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Renovating for energy efficiency on a city-wide scale

In my last column, I discussed the need for renovating the city’s existing housing stock to accommodate our aging population who wish to stay in their homes, the types of renovations that need to be considered, and how the city and renovators need to work together to facilitate age-related modifications to a significant portion of older homes.

This time I’d like to talk about the other growing demand for home renovations that we see — improving a home’s energy efficiency. Energy efficiency in housing is extremely important to the future quality of life in the City of Ottawa.

In September, the city’s environment committee will receive a report on Energy Evolution, a city initiative to create pathways to reduce energy consumption and promote the use of renewable energy in:

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  • Existing residential/non-residential buildings
  • New residential/non-residential buildings
  • Transportation
  • Demand-side management, and
  • Energy storage and energy from waste.

The Energy Evolution initiative is responsible for identifying actions required in order for the city to fulfil its commitment to reduce greenhouse gas (GHG) emissions 80 per cent lower than 2012 levels by 2050.

The energy performance of a home built today is 37 per cent better than a home built in 1990, and 47 per cent better than a home built in 1985. About half of the homes across Canada were built before 1985, so the biggest opportunity to reduce GHG emissions and improve energy performance in the housing sector is to renovate existing homes.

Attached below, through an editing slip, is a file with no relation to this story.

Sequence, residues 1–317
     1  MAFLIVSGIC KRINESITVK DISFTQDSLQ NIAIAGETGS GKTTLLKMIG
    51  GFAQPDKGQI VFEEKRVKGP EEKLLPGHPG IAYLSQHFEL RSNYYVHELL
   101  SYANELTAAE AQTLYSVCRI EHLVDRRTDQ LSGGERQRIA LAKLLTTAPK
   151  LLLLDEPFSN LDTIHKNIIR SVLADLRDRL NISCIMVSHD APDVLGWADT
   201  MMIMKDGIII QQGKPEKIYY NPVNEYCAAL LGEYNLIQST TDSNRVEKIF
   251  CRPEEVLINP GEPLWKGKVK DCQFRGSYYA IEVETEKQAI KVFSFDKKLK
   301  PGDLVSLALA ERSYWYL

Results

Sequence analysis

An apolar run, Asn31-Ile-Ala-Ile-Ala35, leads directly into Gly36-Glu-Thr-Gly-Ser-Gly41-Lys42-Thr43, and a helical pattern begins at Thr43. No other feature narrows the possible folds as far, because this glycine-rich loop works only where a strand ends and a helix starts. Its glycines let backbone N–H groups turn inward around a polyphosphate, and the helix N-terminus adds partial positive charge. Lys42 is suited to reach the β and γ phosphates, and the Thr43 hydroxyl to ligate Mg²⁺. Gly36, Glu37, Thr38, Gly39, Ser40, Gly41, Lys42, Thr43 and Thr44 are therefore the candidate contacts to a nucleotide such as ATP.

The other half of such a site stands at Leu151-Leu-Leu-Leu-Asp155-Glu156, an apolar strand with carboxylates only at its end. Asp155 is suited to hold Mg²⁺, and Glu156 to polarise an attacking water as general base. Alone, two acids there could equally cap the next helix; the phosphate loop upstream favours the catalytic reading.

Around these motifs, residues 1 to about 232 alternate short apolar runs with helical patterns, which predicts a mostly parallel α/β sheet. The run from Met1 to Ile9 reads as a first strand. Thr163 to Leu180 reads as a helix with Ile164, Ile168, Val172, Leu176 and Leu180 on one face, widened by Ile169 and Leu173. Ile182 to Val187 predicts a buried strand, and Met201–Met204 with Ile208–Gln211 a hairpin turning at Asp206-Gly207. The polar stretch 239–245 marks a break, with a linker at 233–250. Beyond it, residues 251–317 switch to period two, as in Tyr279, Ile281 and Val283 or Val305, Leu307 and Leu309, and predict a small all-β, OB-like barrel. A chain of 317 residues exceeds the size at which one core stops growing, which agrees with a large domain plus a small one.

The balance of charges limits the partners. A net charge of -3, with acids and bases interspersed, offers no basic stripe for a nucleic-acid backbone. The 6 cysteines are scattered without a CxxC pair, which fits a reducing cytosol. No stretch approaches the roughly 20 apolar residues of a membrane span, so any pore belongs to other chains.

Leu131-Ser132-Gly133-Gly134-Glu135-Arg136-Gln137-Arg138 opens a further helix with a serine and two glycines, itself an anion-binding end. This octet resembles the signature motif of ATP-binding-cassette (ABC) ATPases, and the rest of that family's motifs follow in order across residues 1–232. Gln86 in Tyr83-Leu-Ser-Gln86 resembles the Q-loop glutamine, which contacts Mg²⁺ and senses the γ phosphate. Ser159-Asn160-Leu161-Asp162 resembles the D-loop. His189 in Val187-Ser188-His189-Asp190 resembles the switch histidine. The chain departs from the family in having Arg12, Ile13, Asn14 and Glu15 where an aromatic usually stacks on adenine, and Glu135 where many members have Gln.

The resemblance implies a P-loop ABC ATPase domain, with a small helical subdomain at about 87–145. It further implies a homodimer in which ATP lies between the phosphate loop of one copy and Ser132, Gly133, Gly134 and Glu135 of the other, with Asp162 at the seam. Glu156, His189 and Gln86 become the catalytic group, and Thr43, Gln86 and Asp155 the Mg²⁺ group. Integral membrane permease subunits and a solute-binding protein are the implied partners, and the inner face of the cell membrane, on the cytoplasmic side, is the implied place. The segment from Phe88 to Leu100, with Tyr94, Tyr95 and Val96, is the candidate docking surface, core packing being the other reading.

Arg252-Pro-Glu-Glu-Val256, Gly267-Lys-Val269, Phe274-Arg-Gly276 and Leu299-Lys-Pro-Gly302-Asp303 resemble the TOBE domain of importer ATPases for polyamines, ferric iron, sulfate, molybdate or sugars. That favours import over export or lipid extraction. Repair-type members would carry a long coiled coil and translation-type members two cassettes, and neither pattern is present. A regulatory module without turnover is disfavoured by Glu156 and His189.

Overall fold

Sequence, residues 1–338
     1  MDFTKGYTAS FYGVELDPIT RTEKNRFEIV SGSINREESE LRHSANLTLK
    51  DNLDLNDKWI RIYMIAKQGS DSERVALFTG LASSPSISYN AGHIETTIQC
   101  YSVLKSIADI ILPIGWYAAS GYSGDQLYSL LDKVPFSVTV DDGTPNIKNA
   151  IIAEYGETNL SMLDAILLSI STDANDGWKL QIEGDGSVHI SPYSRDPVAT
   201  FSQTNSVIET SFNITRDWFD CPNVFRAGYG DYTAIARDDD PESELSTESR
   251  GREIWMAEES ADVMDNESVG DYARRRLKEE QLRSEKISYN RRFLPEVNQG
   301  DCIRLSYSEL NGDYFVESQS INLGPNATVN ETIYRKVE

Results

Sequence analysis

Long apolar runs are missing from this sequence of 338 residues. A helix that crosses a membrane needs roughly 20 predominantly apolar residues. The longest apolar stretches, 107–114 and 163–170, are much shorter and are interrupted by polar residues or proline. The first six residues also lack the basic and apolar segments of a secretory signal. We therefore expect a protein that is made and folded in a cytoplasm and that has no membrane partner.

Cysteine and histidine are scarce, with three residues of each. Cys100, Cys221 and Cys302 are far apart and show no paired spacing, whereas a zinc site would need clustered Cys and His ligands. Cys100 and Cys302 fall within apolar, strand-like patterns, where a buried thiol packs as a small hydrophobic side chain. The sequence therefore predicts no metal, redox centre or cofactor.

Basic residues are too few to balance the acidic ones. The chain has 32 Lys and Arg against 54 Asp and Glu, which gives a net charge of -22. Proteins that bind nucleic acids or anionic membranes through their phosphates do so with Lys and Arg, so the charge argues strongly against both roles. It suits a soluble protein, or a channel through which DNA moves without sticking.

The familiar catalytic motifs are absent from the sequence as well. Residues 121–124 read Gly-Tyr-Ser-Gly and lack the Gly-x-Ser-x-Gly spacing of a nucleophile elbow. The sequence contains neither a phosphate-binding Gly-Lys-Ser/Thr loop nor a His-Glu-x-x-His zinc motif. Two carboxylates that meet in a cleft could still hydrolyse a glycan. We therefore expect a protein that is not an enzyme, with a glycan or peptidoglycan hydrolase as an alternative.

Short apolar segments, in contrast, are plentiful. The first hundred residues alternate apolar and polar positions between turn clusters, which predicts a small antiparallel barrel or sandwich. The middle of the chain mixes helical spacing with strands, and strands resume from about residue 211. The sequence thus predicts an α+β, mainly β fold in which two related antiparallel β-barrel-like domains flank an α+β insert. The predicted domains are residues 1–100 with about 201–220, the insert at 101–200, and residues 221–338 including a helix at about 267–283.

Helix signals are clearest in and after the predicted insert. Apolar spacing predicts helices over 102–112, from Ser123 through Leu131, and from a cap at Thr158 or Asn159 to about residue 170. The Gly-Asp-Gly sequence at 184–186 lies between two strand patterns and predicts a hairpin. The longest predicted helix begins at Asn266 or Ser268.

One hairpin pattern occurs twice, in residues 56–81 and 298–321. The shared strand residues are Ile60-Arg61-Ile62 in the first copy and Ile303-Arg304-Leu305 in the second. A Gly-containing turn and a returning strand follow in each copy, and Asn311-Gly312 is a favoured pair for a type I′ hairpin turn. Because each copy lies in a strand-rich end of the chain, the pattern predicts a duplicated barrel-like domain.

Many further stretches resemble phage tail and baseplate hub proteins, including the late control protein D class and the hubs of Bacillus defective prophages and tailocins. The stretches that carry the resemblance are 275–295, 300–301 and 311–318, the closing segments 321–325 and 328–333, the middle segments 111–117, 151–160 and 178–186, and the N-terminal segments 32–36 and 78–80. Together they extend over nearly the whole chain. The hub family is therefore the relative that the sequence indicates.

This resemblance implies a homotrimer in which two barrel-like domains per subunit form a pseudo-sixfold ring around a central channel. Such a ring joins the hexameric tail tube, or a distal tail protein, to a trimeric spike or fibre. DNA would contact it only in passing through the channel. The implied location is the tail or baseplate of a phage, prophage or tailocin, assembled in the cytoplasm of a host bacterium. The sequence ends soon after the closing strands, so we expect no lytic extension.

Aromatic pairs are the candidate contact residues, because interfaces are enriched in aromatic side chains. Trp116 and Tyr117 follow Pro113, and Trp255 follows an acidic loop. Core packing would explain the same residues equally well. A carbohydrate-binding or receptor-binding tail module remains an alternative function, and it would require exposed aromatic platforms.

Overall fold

Tackling the envelope

This goes beyond replacing leaky doors and windows and upgrading furnaces — for some homes it’s going to mean addressing the building envelope or adding exterior insulation.

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The first step to any renovation is to get an energy audit. A qualified energy audit professional will give you a report that explains how well your house currently performs and a list of specific steps that can be taken to increase performance.

You can choose to do some or all of the recommended actions, but it takes the guesswork out of upgrading an older home. You’ll also know exactly where your deficiencies lie when it comes time to sell your home.

Bring back the tax credit

For its part, the Greater Ottawa Home Builders’ Association (GOHBA), which is the voice of Ottawa’s housing industry, supports the federal government expanding the EnerGuide Rating System in order to require an energy performance measurement for every home. The association is also pursuing the return of the home energy retrofit tax credit to encourage homeowners to complete energy efficiency-related renovations.

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Finally, GOHBA is working with Natural Resources Canada to encourage energy renovations up to a Net Zero performance level (at which point a home produces as much energy as it consumes), which will become the National Building Code standard in 2030.

The City of Ottawa needs to continue to work with the association and the renovation industry, and learn from the successful energy-efficient innovations already in place, as it develops the Official Plan to help achieve its GHG reduction commitments.

Related

How we as a city need to plan to renovate our homes, part 1

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About the Author

Jason Burggraaf

Jason Burggraaf is the executive director of the Greater Ottawa Home Builders’ Association, which is the voice of Ottawa’s housing industry.

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